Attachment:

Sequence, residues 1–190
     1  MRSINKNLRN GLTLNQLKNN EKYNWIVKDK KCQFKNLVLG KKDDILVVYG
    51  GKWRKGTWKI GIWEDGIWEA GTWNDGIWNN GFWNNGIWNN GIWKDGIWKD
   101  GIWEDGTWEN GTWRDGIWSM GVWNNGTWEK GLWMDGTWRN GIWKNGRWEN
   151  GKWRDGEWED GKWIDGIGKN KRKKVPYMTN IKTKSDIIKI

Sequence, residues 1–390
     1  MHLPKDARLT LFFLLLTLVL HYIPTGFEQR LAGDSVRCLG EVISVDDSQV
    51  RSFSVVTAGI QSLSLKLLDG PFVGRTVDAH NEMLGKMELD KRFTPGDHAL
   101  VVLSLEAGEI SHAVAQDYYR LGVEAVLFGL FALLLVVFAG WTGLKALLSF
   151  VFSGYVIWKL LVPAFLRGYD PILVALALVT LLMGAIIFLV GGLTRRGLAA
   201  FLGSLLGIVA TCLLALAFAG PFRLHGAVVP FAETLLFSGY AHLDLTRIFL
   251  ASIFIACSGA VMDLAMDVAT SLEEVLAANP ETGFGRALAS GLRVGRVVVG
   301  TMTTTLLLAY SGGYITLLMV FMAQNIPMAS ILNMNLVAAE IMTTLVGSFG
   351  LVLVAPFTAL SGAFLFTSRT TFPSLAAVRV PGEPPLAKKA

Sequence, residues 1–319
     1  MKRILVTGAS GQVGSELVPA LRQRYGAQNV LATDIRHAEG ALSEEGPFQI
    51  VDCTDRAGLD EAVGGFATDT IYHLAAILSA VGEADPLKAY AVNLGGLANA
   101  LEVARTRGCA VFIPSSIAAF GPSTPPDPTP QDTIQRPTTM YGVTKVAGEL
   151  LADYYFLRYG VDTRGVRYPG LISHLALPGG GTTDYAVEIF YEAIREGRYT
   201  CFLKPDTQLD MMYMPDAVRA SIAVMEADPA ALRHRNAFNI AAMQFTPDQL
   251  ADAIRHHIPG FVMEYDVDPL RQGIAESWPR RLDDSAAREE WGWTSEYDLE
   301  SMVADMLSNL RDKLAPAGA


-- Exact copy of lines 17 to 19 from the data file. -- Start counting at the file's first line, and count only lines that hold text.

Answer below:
    51  VDCTDRAGLD EAVGGFATDT IYHLAAILSA VGEADPLKAY AVNLGGLANA
   101  LEVARTRGCA VFIPSSIAAF GPSTPPDPTP QDTIQRPTTM YGVTKVAGEL
   151  LADYYFLRYG VDTRGVRYPG LISHLALPGG GTTDYAVEIF YEAIREGRYT